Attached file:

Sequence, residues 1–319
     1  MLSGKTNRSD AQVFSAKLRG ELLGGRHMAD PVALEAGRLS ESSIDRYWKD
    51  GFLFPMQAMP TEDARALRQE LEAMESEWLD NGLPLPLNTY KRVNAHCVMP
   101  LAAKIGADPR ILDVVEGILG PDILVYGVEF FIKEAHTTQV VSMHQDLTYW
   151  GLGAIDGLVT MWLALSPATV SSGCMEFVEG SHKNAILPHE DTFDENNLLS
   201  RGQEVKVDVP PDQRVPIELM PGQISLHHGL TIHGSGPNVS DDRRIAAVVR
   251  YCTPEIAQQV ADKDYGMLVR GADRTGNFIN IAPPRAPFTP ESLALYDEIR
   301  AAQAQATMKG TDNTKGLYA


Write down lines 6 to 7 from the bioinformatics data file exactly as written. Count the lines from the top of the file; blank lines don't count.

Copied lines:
   201  RGQEVKVDVP PDQRVPIELM PGQISLHHGL TIHGSGPNVS DDRRIAAVVR
   251  YCTPEIAQQV ADKDYGMLVR GADRTGNFIN IAPPRAPFTP ESLALYDEIR